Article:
Today in History – January 6, 1851 – Foucault physically demonstrates the rotation of the Earth. Now this isn’t so easy to do because the earth rotates pretty slowly. How slowly? Well, it takes a full day to go around once, eh? So in a minute it’s going to rotate about, oh, 0.0007 revolutions. Not much. Certainly nothing you’re going to feel. So how to show it? Well, you could always point to the fact that the stars and sun go around us once a day, and figure that should be enough of a demonstration for a reasonable person. But people are often unreasonable!
So to make it all very real and exciting, Jean Bernard Léon Foucault decided it wasn’t enough just to have a cool name (you have to admit – that is a pretty cool one) and dreamed up what’s become known as the Foucault pendulum. In 1851, Jean he obtained a nice chunk of metal (to the tune of 28 kilograms), and suspended it from the ceiling of the dome of the Pantheon in Paris. And when I say suspended, I mean SUSPENDED. 67 meters of suspension (or about 220 feet for those of you who still aren’t 100% metricized). That’s a BIG pendulum.
Since then there have been a whole bunch of these Foucault pendulums set up and they’re pretty nifty. Basically all you do is pull the weight to the side and let go. It then ticks back and forth (no surprise). And the earth rotates underneath. Which means that the ground slowly misaligns itself as the pendulum happily continues in its original tick-tock direction.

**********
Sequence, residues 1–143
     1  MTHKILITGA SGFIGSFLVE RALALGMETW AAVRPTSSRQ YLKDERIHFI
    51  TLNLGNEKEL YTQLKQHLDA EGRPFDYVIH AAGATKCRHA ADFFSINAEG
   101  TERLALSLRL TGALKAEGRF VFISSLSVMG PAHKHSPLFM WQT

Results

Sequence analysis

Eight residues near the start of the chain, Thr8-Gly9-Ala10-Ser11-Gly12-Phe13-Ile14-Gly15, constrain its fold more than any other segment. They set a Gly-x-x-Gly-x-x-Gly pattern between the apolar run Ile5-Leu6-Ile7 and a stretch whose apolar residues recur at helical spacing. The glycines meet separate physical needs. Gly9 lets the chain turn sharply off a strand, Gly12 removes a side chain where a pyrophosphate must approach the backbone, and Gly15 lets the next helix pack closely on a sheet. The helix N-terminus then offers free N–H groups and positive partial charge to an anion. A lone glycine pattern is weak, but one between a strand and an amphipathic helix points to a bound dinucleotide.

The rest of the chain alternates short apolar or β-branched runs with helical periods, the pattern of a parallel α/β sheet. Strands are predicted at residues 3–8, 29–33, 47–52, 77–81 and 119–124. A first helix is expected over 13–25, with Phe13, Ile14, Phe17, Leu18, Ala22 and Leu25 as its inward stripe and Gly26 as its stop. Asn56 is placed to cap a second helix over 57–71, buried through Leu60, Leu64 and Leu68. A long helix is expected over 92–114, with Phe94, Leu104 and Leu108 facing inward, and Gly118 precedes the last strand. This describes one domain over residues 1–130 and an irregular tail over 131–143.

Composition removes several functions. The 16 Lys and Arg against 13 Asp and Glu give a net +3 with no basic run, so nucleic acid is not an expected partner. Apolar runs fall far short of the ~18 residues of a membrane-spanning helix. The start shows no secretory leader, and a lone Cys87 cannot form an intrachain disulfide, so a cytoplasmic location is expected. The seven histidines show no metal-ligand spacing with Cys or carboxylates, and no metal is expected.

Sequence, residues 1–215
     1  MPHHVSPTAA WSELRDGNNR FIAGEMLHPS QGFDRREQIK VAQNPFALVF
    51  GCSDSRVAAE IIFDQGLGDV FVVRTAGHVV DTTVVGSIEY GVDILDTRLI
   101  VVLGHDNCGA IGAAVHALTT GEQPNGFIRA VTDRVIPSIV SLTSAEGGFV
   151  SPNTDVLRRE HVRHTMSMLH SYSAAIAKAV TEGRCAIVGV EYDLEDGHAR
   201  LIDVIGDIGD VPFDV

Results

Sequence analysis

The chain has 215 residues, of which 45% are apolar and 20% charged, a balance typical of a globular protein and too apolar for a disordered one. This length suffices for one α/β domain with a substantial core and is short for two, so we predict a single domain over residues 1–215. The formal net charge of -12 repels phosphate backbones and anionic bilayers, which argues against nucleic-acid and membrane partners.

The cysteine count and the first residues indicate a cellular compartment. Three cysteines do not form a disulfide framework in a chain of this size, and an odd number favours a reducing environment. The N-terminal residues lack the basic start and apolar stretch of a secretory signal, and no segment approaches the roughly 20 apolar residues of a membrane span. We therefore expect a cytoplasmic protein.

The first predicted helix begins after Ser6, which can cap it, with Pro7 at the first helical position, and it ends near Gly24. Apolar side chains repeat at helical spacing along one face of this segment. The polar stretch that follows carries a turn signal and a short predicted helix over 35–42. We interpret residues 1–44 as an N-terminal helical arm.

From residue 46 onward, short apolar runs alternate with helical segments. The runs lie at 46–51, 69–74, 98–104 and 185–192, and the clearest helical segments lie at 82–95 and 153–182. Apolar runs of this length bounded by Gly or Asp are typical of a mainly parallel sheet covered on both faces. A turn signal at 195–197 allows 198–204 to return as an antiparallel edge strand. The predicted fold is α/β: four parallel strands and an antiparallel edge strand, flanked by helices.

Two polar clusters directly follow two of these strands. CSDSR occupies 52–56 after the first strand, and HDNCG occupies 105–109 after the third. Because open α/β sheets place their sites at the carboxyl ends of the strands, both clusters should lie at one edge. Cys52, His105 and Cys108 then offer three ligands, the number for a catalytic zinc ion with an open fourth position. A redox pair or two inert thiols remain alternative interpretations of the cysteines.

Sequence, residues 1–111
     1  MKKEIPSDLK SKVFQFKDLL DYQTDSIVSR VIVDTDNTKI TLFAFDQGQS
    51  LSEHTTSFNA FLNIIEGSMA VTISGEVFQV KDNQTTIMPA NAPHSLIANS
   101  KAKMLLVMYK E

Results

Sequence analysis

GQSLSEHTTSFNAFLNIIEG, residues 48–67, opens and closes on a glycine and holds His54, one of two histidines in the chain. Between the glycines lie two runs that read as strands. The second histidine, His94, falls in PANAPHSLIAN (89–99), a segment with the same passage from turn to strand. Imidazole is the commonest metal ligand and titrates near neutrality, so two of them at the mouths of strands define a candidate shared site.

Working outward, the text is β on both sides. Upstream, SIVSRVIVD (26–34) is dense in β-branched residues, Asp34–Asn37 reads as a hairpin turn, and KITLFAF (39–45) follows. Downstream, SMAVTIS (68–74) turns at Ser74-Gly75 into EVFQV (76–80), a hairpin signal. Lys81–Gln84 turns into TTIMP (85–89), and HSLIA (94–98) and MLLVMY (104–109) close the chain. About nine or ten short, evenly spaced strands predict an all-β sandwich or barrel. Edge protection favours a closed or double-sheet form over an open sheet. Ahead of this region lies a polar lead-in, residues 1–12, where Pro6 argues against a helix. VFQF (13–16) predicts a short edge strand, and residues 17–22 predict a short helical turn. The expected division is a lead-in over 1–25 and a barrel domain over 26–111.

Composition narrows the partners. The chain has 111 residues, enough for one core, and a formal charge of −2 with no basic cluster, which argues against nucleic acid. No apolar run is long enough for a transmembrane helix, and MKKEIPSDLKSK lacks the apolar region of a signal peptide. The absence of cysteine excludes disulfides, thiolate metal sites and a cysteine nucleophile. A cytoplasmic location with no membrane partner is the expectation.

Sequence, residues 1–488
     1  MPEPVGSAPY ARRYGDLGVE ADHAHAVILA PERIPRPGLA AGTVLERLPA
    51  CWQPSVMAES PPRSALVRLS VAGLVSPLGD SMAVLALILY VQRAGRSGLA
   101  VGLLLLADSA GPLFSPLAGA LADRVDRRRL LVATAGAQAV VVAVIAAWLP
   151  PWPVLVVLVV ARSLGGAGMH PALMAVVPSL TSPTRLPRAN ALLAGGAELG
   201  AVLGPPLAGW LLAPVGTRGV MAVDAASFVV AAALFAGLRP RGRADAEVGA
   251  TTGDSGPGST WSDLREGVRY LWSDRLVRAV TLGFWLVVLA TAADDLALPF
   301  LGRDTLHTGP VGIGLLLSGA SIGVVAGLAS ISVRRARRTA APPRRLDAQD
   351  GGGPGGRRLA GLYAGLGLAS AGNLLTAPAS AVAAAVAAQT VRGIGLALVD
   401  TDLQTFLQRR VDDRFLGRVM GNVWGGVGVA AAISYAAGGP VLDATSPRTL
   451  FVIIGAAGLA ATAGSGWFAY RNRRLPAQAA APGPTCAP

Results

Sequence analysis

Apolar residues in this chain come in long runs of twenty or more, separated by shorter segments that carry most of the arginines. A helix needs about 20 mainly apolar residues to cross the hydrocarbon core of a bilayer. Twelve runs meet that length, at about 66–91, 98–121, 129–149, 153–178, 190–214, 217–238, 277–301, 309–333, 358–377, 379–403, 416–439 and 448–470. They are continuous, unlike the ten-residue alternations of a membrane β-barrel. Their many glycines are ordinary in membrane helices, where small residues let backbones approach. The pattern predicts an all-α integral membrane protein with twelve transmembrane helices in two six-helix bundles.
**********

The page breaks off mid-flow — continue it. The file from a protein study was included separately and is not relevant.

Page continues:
Usually they’ll do something like place little pegs in a big circle on the floor and there’ll be a tip extending from the bottom of the pendulum that slowly, ever so slowly, gets closer and closer to one of the pegs as it does its tick tock thing. And then it’ll juuuust brush the peg. Then nudge it. Then BOOM! Over it goes. Some minutes later the next one goes. And the next. All the way up until closing, when the guy in charge has to collect all the pegs and then, before the doors open the next day, set ‘em all up again. Hey, it’s a living.
Anyway, it’s a very satisfying way to waste a few minutes. I recommend it highly.
For more information, see the Engineering Pathway’s resources on Foucault’s Pendulum and pendulums. For related educational resources, visit the Engineering Mechanics or the Mechanical Engineering Education disciplinary communities